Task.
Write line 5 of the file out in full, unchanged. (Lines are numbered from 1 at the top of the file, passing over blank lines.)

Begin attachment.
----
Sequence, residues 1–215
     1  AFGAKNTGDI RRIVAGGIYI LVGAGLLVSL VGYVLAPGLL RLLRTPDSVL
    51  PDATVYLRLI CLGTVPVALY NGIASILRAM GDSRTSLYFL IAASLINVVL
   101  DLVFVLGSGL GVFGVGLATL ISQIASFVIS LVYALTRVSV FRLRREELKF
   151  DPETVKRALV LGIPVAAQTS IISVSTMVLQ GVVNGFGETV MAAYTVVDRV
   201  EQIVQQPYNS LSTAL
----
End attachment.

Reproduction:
   151  DPETVKRALV LGIPVAAQTS IISVSTMVLQ GVVNGFGETV MAAYTVVDRV